We recently reached out to several companies to see if they would sub-contract their services to my firm. We anticipated the prospective client not being able to maintain the level of excellence due to oversaturation of current resources.
After talking with some people in our network, we found several candidate companies. We started with their websites. One candidate company had a contact page that didn’t work. There was no way to contact the company. We found the owner on LinkedIn and sent an invite with a message about what we were looking for.
No reply, it’s been 3 days.
The other four candidate companies had email addresses and so we sent emails. We are still awaiting answers (some type of answer) from three of those companies. One smart owner replied later that day and scheduled an appointment to discuss our request.
Communication and prospective customers
Marketing and advertising dollars are the most important aspect of your budget after payroll. It is the only way you can entice customers to your business. Once you get them to the door, the sales function can begin. Ideally, you have as many customers as possible then you can accommodate, giving each customer the attention, they deserve and need.
Too many customers, and the service you provide may not be up to snuff, causing dissatisfaction. Too little, and you are not maximizing your return on advertising spend, and not getting customers. So, why would you not in a reasonable period contact a prospective customer and ask them how your company can assist?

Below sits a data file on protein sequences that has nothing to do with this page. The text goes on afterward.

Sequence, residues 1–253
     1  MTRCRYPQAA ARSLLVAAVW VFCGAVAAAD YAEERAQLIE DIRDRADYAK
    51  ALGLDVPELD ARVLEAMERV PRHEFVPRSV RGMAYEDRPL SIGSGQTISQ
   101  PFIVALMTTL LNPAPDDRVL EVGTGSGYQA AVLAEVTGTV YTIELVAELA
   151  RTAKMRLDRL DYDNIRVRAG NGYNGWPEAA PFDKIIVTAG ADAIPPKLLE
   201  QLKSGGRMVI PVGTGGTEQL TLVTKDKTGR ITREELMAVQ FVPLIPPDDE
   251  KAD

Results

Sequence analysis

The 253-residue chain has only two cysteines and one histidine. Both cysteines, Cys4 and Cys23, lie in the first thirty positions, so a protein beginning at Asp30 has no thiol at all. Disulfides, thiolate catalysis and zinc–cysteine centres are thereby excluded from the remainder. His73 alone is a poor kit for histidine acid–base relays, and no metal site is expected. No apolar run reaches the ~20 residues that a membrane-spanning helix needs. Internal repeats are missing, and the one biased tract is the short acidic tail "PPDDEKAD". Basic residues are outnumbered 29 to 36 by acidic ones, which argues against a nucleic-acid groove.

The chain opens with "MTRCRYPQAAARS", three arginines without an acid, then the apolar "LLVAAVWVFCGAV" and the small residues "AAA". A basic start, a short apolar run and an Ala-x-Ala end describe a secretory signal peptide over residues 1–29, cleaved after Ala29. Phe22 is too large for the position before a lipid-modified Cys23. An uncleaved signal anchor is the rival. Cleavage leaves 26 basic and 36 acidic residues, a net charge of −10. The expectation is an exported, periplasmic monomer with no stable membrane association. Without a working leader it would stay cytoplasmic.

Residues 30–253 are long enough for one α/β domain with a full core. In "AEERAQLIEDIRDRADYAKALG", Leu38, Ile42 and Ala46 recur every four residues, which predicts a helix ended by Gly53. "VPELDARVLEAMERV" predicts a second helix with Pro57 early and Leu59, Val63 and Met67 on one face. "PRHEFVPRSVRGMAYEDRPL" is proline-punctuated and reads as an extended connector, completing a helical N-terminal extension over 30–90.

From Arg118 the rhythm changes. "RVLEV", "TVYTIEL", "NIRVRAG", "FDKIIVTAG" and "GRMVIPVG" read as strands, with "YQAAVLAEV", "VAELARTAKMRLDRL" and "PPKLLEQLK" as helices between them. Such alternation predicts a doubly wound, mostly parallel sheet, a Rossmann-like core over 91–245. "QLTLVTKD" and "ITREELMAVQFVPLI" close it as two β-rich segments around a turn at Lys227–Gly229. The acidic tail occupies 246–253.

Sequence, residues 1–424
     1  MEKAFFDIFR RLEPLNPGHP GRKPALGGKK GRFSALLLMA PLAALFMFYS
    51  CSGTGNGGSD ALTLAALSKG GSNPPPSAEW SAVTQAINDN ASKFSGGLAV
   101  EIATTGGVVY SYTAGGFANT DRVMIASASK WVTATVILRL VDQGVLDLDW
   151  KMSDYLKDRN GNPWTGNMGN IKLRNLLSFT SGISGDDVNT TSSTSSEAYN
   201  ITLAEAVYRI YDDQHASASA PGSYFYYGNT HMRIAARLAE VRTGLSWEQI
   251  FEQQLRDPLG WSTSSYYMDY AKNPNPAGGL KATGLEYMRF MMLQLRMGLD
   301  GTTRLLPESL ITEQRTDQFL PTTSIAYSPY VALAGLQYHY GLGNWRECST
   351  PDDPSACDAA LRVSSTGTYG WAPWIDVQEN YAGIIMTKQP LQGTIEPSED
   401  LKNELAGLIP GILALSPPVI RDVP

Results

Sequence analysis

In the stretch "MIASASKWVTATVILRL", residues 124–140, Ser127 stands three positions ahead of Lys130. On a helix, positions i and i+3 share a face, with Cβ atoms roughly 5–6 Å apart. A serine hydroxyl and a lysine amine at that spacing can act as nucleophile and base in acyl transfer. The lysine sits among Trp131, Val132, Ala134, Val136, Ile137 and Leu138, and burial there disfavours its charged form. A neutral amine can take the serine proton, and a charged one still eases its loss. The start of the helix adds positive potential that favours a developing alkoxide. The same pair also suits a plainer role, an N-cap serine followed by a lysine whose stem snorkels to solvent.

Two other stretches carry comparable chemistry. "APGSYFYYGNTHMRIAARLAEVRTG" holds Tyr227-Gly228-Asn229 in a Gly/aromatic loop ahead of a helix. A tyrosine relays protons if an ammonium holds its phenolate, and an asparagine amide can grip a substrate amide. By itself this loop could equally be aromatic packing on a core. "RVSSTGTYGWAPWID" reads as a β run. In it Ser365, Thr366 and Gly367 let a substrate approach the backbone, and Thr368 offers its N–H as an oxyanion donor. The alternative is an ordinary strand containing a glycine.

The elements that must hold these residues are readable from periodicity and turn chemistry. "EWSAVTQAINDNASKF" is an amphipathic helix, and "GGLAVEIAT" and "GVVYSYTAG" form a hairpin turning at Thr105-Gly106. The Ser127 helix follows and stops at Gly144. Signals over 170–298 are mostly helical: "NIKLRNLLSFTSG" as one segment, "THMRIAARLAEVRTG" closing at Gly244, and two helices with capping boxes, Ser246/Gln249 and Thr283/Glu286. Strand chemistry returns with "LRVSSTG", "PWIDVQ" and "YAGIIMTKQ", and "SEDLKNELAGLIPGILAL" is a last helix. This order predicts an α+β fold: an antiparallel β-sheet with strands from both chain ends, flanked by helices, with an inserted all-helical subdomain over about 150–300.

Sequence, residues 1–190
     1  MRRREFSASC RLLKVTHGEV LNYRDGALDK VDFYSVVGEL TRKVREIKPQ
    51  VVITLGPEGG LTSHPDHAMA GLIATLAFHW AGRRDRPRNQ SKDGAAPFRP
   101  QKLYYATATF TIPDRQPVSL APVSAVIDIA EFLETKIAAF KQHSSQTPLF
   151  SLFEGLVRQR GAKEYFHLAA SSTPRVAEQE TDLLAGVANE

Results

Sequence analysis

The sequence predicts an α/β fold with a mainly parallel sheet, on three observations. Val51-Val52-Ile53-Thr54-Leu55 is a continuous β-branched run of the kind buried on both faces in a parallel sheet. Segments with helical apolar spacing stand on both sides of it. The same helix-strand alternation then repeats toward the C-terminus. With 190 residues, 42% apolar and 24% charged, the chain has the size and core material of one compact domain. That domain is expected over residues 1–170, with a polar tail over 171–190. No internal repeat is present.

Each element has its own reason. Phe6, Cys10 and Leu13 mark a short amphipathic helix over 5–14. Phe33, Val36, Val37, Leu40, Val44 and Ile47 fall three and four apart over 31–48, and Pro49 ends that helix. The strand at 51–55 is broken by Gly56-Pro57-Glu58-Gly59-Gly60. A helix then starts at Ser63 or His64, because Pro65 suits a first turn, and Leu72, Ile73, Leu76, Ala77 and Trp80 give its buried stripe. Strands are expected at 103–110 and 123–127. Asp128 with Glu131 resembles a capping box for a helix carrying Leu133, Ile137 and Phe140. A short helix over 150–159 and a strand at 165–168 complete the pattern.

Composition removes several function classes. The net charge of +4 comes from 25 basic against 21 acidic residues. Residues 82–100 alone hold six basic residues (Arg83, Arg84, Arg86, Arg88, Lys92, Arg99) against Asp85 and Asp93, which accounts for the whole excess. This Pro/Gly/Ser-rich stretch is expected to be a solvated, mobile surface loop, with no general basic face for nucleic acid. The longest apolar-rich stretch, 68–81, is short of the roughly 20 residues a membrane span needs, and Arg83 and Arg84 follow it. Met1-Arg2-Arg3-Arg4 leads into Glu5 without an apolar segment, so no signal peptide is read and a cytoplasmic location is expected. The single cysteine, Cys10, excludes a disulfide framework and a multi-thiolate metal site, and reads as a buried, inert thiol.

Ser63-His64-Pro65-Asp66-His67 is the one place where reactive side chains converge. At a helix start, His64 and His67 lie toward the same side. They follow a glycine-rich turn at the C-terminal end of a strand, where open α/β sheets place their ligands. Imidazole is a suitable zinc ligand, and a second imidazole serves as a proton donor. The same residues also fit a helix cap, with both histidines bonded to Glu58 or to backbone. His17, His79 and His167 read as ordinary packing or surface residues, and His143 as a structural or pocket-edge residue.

SBA * Consulting gets a fair number of queries about the US Small Business Administration. People want assistance in getting SBA loans. We don’t provide that service per se since it is a matter of filling out the application and talking with your local SBA lender (usually a bank)/the US-SBA. We could assist in cleaning up your accounting data so you have accurate information to give the SBA, but that would be true for any loan.
What we do is respond to each request, explain the process with the US SBA, what we do and don’t do, and warn them of disreputable companies that may claim an “in” with the SBA.
But we respond. Maybe one day that prospective customer will either come back or refer us to someone else. It’s called giving good Sales Service/Customer Service.
Not responding means you not only lost the sale, but any referral. Where is the logic in that course of action?
If you remember the classic movie Miracle on 34th Street, Santa suggested to customers that they buy items Macy*s didn’t stock at Gimbels, their competitor. Macy*s didn’t loose a sale, since they couldn’t make that sale, but those customers bought more from Macy*s since they were so impressed.
Even if you don’t provide the service or product, or the prospect is outside your geographical service area, or any other reason you think a sale won’t will not be successful; make contact.
You never know where it will lead.